On Apr. 27, this reporter received a call from a man surnamed Kim who, while claiming to be calling from an unspecified “foreign country,” said that “I have something I want to tell the world [about North Korea].” 

Kim, who declined to give details about his affiliation or his full name, then launched into a breathless twenty-minute account detailing the kidnapping of a soldier dispatched to Russia by North Korea’s prosecutor’s office. 

This reporter found it strange to be receiving a phone call from a North Korean living in a foreign country. Kim mentioned that he had followed Daily NK for many years while abroad and requested that the news organization publish a report that would “expose the brutality of the North Korean regime” to the entire world. 

Although Kim used expressions commonly used in North Korea, Daily NK still had to confirm the legitimacy of his account. This reporter immediately contacted a source based in Russia to confirm the details of the story. The Russia-based source conveyed a report identical to that relayed by Kim. 

Through this process, Daily NK gained even more information about a story the organization published back in 2018 concerning Ju Kyung Chol, a North Korean soldier living in Russia who was suddenly repatriated back to his country. 

North Korea sends large numbers of soldiers to work in foreign countries to help funnel foreign currency back into the country. Ju, a staff sergeant and squad commander for the Korea Kum Reung Trading Company, a company affiliated with the Seventh General Bureau, was just an ordinary North Korean soldier dispatched to work in Russia as a construction worker.

North Korean authorities typically take out a set amount of money from the wages of ordinary overseas workers to go into the country’s “loyalty fund.” However, 100% of soldiers’ wages are taken by the authorities because they are simply “fulfilling their military service requirement” while working at overseas construction sites.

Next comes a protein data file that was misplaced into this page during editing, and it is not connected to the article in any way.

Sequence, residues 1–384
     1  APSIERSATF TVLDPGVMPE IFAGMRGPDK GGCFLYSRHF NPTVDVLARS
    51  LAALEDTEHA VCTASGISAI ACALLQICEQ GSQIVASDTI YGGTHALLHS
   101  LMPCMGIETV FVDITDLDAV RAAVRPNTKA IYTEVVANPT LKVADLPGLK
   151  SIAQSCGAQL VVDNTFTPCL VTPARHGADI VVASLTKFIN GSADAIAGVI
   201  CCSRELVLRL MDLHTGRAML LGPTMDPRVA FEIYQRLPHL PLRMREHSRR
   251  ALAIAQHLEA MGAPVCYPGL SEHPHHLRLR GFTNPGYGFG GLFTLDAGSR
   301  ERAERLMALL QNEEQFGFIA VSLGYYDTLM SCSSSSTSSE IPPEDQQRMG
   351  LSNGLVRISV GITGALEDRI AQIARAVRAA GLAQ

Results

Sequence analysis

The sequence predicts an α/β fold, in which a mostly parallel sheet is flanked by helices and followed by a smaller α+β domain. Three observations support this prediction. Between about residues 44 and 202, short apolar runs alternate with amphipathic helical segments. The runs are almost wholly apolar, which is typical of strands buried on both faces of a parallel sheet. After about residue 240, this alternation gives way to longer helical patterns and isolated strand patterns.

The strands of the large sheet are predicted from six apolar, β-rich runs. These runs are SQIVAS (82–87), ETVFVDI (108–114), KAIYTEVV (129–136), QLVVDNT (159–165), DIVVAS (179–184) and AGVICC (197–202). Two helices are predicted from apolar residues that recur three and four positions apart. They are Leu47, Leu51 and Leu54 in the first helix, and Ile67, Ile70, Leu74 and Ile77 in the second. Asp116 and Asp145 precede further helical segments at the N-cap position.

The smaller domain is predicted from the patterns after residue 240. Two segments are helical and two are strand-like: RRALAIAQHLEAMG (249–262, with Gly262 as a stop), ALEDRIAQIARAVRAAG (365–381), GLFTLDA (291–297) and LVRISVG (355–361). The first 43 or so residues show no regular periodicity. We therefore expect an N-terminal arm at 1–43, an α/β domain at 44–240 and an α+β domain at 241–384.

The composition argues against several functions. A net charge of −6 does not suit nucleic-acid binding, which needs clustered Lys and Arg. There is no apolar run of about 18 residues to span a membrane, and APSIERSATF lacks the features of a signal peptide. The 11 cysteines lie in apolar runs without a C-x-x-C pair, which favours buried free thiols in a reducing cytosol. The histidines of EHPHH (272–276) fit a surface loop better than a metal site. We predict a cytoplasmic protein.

Kim told Daily NK that many soldiers dispatched to overseas construction sites have to collect cigarette butts lying on the ground next to trash cans to roll them into makeshift cigarettes. Despite such dire circumstances, the authorities repeatedly emphasized that “it is thanks to the Workers’ Party that the soldiers can eat rice and meat soup while living abroad.” 

A picture of Ju at a holding cell in a Saint Petersburg police station. / Image: Daily NK source in Russia

Ju had found himself in a similar situation when he reportedly began to wonder, “How will I live if I go back [to North Korea] without having earned a single US dollar?” 

His pent-up feelings of betrayal by his country finally motivated him to visit the United Nations (UN) headquarters in Russia to find a way to escape to South Korea in January 2017. Ju was 27 years old at the time.

After five months, agents from Russia’s intelligence service arrived at the UN refugee camp where Ju resided and claimed that they needed to take him into police custody. The agents stated that the North Korean Central Prosecutor’s Office had notified them that Ju is a criminal and faced charges including rape of a minor and attempted murder.